Legal Accountability of Transnational Institutions: Special Issue of the King’s Law Journal

Co-edited  by Rishi Gulati and Philippa Webb, the Special Issue of the King’s Law Journal, Volume 34, Issue 3 on “The Legal Accountability of Transnational Institutions: Past, Present and Future” is now out. The 9 articles in this Special Issue are authored by leading experts on the accountability of public international organisations (IOs), MNCs, as well as NGOs.

The Introduction is open access and discusses what may be learnt by comparing the legal accountability of IOs, MNCs and NGOs. In addition to the Introductory article by Rishi Gulati and Philippa Webb, the Special Issue consists of the following contributions. Assessing the Accountability Mechanism of Multilateral Development Banks Against Access to Justice: The Case of the World Bank (Edward Chukwuemeke Okeke); Holding International Organizations Accountable: Recent Developments in U.S. Immunities Law (David P. Stewart); Protecting Human Rights in UN Peacekeeping: Operationalising Due Diligence and Accountability (Nigel D. White); Nature and Scope of an International Organisation’s Due Diligence Obligations Under International Environmental Law: A Case Study of the Caribbean Development Bank (S. Nicole Liverpool Jordan); Civil Liability Under Sustainability Due Diligence Legislation: A Quiet Revolution? (Youseph Farah, Valentine Kunuji & Avidan Kent); Accountability of NGOs: The Potential of Business and Human Rights Frameworks for NGO Due Diligence (Rosana Garciandia); Arbitrating disputes with international organisations and some access to justice issues (August Reinisch); Transnational Procedural Guarantees – The Role of Domestic Courts (Dana Burchardt).

Short-term PostDoc Position(s) at Humboldt University Berlin

The graduate resesarch programme DynamInt (Dynamic Integration Order) of Humboldt University is inviting international PostDocs to apply for a short-term (3 to 6 months), fully paid research stay in Berlin.

The PostDoc is supposed to pursue her/his research project in the field of European Law. She/he is also expected to interact with the group of young researchers, who all work on their dissertation projects within the thematic framework of harmonization and plurality tendencies in the EU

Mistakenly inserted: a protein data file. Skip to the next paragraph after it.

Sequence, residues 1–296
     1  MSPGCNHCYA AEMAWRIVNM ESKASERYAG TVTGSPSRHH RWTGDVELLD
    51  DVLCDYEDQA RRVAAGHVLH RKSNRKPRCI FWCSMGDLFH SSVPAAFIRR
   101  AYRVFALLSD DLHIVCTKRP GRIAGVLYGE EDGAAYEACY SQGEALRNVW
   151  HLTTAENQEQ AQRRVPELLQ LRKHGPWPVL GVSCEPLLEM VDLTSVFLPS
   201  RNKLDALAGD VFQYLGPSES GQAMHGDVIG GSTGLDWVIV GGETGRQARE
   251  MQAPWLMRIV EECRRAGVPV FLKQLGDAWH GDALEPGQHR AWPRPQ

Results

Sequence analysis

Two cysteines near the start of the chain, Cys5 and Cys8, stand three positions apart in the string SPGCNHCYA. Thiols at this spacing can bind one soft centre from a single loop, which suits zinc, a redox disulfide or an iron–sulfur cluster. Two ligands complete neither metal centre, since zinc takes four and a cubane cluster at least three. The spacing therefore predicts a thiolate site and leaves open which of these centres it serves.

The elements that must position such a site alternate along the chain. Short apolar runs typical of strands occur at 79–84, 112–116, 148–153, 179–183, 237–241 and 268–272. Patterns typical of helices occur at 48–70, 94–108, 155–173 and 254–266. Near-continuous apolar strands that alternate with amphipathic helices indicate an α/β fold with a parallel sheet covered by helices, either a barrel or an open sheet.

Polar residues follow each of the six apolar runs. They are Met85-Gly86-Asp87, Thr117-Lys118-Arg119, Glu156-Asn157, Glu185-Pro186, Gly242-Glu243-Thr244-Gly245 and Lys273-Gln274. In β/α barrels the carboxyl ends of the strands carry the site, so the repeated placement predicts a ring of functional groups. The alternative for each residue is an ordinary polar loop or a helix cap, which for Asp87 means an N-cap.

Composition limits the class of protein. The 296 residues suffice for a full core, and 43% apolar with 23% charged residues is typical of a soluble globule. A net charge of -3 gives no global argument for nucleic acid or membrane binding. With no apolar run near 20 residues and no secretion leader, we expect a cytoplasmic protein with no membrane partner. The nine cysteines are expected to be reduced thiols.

More information is available here.


Private International Law and Sustainable Development in Asia: REMINDER–Still Time to Submit Your Proposals

The United Nations Agenda 2030 with its 17 Sustainable Development Goals (SDGs) seems to have a blind spot for the role of private and private international law. That blind spot is beginning to be closed. A collective volume with global outlook published in 2021 addressed “the private side of transforming our world”: each of the 17 SDGs was discussed in one chapter of the book devoted to the specific relevance of private law and private international law. In 2022, the IACL-ASADIP conference in Asunción, Paraguay discussed sustainable private international law with regard to Latin America; the contributions published in 2023 in a special issue of the University of Brasilia Law Journal – Direito.UnB., V.7., N.3 (2023).

In this occasion the focus is on Asia. The Chinese Journal of Transnational Law invites submissions for its Vol. 2 Issue 2, to be published in 2025, engaging critically with the functions, methodologies and techniques of private international law in relation to sustainability from an Asian perspective, as well as in relation to the actual and potential contributions of private international law to the SDGs in Asia. Read more

Roundtable: Private international law and global trends, Zagreb, 22 January

The Croatian Academy of Science and Art organises the roundtable titled “Private international law and global trends“, which will be held on Monday, 22 January 2024, at 11 h, in the premises of the Faculty of Law in Zagreb in Cirilometodska street, 4 (due to ongoing renovation of the Academy’s building which suffered damage in the earthquake of 2020, as visible in the photo when expanded). Attendance is open to all, but your intention to join should be communicated to Ms. Muhek at

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Virtual Workshop (in German) on February 6: Heinz-Peter Mansel on Supply Chains and Conflict of Laws – Selected Issues